The spike in 30-year fixed interest rates, at a time of continuously rising home prices, has pushed home affordability to its lowest level since 2009, and cut potential refinance loan candidates by 40%, according to Black Knight's Mortgage Monitor report.
In just the first six weeks of the year, about 1.4 million borrowers lost the interest rate incentive to refinance. There are still 2.65 million potential refi customers likely to qualify and benefit from a loan refinance at current rates, but this is the smallest this population has been since 2008, prior to the initial rate decline during the recession.
Mortgage rates are challenging refinance loan volumes at a time when they were already shrinking. In 2017, refinance originations plummeted 29% from the previous year, with total volume down by $355 billion, or 34%.
The rate spike also contributed to a 6% increase in the median home price over the first six weeks of the year. To purchase a current median home, it requires 23% of a homebuyer's median monthly income, the highest this share has been since 2009.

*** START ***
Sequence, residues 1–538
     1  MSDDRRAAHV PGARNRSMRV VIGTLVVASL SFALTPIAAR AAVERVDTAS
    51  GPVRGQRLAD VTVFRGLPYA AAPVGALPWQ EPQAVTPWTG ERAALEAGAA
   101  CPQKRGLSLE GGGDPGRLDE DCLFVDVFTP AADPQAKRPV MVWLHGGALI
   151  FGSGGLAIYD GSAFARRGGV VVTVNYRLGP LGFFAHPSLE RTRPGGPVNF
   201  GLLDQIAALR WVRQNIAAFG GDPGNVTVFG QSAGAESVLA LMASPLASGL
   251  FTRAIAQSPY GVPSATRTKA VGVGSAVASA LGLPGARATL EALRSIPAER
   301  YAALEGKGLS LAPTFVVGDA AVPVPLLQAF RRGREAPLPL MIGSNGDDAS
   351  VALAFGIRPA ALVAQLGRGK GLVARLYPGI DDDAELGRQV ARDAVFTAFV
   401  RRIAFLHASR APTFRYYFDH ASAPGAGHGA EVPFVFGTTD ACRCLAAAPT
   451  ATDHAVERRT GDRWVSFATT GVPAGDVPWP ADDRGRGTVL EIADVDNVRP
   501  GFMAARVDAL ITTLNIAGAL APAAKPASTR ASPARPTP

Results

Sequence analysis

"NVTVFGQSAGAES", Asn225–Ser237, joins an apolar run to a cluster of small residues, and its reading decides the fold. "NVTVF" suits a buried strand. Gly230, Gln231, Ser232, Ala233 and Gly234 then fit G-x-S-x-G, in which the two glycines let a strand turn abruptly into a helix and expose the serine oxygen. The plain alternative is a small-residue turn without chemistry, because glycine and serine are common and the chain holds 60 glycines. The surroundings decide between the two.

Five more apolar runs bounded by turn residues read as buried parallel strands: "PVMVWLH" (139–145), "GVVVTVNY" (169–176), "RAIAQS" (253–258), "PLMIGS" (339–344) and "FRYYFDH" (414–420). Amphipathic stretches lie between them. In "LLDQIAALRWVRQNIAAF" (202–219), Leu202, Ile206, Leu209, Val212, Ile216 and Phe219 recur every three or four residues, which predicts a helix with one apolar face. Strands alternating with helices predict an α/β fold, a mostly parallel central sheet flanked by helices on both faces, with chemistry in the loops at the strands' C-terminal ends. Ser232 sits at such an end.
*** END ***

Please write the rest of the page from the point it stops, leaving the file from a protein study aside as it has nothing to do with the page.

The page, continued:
Notably, homes in the lowest price tiers continue to see the greatest price appreciation rates, with properties in the bottom 20% seeing the quickest growth in prices for 67 consecutive months.
Affordability declines from rising rates could continue putting more pressure on lower-income buyers, who may face increased competition for lower-priced homes.
Overall in 2017, the median home grew $17,570 in value, the largest rise in dollar amount since 2006, and hit an all-time high of $283,000 at the end of the year.
January's median home value is 5.8%, or $15,400, greater than at the peak of the market in 2006.